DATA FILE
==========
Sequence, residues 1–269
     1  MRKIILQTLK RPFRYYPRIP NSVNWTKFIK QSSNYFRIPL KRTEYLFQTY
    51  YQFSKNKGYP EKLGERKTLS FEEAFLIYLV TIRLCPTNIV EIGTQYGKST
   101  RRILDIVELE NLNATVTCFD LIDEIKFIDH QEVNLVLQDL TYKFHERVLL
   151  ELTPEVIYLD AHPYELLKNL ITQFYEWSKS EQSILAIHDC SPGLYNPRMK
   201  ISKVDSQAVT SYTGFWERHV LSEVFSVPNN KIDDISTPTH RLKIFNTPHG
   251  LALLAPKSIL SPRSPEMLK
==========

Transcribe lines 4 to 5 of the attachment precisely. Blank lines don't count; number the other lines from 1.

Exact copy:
   101  RRILDIVELE NLNATVTCFD LIDEIKFIDH QEVNLVLQDL TYKFHERVLL
   151  ELTPEVIYLD AHPYELLKNL ITQFYEWSKS EQSILAIHDC SPGLYNPRMK